Quoting axelesgg (Reply 8):
Wonder if western airlines will be banned to fly to Iran aswell if this happens.

Flying to Iran isn't of much concern, flying over Iran is a bigger one. There are many air routes to India and further East going through Iranian airspace. They could fly a little further South, but it's crowded...



I've got $h*t to do
User currently offlinesoon7x7 From , joined Dec 1969, posts, RR:
Reply 10, posted (2 years 3 months 3 weeks 3 days 4 hours ago) and read 3397 times:

Quoting LAXintl (Reply 1):
With appropriate documentation, licenses, certificates, DG handling if applicable its a rather straight forward affair.

I'm not sure what the issue is here, except political agenda.

No offense here but that's funny. I'm quite sure Iran flies by the numbers...   
It is hard enough to expect our government to do it right.

Quoting axelesgg (Reply 8):
USA co-operates too much

It will be the USA that will be supect of the ban anyway. Thats just how they roll.


User currently offlineraffik From United Kingdom, joined Feb 2006, 1716 posts, RR: 4
Reply 11, posted (2 years 3 months 3 weeks 3 days 3 hours ago) and read 3103 times:

I believe weapons are being brought into Syria through Lebanon via Iran Air.
The problem is that

Quoting something (Reply 7):
People are mad nobody is doing anything about Syria because they don't understand the problem

Going to war with Syria OR Iran would literally start world war 3. I believe that is why Nato have done nothing there, despite the tens of thousands of people murdered by the terrorist Assad government. Not only are they murdering their own, they are crossing into Northern Lebanon and have killed 5 people who are helping the refugees. It's disgusting that the Arab league did nothing to stop the Syrians and it is a bigger crime that Nato have done nothing, YET they quickly moved to sort things out in Libya.

The situation in Syria is a lot more problematic because of the close ties the country has with Iran, and with Hezbollah.
I am half Lebanese and I travel to Lebanon frequently. Hezbollah is not wanted in the country, despite being "elected"- which was a joke in itself because they purchased votes to get in. It is because Hezbollah are in power and in cahoots with the Iranians and Syrians that Lebanon could exert no control over what is happening in Syria. Lebanon is a giant source of food, banking, oil and weaponry for Syria's Assad. The majority of people in the country are absolutely appalled by what is happening in neighbouring Syria but because we have this awful Hezbollah government in control, our hands are tied. I would guarantee 100% that weapons are coming from Iran on Iran Airways aircraft to Beirut and by boat also from other countries.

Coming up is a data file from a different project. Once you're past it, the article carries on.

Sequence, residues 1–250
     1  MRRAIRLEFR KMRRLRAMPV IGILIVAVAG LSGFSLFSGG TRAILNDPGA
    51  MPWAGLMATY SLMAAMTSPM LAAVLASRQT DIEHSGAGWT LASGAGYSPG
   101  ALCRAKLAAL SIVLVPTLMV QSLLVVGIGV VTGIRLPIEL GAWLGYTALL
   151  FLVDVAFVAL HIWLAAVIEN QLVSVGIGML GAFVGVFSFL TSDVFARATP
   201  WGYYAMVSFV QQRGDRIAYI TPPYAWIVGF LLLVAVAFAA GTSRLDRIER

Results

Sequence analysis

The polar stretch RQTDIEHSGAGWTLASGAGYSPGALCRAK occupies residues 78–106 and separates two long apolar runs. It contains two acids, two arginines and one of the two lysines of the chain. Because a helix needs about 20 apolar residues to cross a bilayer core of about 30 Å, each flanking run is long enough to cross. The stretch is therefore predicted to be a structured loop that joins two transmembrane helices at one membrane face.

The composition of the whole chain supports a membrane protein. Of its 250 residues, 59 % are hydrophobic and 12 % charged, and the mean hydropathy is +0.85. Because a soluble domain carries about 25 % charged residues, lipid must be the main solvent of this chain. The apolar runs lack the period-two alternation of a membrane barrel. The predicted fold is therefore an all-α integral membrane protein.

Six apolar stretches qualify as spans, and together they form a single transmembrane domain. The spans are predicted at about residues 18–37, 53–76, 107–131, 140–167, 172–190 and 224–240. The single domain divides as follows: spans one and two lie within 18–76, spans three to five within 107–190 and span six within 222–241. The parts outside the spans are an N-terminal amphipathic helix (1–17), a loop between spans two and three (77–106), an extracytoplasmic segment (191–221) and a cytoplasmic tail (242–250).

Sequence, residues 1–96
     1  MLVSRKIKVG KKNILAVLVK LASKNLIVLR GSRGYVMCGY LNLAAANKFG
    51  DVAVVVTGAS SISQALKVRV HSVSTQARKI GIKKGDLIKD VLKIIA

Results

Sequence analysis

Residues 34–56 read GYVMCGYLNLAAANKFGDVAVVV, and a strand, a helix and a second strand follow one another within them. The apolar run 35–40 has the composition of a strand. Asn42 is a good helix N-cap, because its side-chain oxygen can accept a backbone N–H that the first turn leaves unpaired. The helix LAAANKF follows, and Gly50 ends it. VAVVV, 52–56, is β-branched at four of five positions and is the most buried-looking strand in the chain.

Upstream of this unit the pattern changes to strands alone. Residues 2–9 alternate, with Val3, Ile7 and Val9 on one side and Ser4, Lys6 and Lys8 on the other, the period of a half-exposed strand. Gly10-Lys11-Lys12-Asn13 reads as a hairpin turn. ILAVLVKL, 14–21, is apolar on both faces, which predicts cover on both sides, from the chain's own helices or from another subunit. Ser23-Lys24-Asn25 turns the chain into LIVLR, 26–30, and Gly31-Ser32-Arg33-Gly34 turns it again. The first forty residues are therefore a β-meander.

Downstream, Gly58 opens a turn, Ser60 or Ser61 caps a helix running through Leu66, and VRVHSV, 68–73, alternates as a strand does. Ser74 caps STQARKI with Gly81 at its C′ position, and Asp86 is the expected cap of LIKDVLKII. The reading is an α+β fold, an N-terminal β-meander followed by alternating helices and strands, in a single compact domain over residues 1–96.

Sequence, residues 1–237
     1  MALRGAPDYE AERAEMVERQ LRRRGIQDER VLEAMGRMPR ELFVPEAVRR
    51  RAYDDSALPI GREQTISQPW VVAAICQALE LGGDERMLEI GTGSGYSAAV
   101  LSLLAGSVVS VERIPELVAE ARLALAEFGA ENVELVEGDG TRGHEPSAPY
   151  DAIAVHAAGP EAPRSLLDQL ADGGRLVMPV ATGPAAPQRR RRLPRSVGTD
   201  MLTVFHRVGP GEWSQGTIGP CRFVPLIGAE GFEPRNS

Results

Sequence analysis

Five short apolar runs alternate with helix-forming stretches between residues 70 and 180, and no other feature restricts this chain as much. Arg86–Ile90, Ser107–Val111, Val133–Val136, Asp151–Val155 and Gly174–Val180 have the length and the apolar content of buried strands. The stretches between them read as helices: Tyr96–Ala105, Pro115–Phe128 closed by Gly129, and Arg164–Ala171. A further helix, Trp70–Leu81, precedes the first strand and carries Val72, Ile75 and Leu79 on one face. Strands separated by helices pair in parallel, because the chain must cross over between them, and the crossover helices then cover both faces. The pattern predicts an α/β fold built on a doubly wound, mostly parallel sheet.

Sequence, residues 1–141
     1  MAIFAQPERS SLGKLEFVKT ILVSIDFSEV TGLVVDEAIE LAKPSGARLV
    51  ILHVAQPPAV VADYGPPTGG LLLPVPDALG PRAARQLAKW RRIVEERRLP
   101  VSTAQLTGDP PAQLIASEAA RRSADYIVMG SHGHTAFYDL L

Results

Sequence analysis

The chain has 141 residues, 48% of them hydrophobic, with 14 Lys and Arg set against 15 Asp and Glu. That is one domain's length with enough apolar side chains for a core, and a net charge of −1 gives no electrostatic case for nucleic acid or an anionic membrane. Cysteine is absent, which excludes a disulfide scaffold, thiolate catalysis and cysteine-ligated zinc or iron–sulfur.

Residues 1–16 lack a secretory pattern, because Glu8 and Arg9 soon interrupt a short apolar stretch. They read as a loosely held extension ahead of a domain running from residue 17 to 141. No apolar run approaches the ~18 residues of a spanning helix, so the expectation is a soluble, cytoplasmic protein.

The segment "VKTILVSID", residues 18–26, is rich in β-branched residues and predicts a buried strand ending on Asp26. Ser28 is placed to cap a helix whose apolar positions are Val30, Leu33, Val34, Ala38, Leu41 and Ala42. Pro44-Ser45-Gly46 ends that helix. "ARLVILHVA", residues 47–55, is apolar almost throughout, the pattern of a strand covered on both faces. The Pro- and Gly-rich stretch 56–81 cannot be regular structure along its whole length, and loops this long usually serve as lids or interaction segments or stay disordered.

On the other hand, I feel terrible for the Iranians who are forced to put their lives in the hands of aircraft which are well past their sell by dates and with these bogus parts.



Happy -go- lucky kinda guy!
User currently offlinerfields5421 From United States of America, joined Jul 2007, 7607 posts, RR: 31
Reply 12, posted (2 years 3 months 3 weeks 3 days 2 hours ago) and read 2962 times:

Quoting LAXintl (Reply 6):
Whatever restrictions on sale of arms the US, EU, or even UN wish to impose does not stop a sovereign nation from carrying out its own desired foreign and trade policy.
Quoting blueflyer (Reply 9):
One of the conditions of membership is to occasionally surrender part of one's sovereignty and abide by UN decisions,

Then all Chinese airlines would have been banned from the EU and the US if this policy was applied evenly.

Nations which disagree with UN decisions operate contray to those decisions all the time. Almost every UN member conducts some operations in violation of UN decisions. It is no big deal.

Quoting axelesgg (Reply 8):
Wonder if western airlines will be banned to fly to Iran aswell if this happens.

Of course Iran would ban overflights by EU and other western nation airlines. No matter which way you side on the 'issue' you have to realize such a move by Iran would be obvious.

Frankly, I doubt this is anything more than stirring an empty pot to sell more advertising.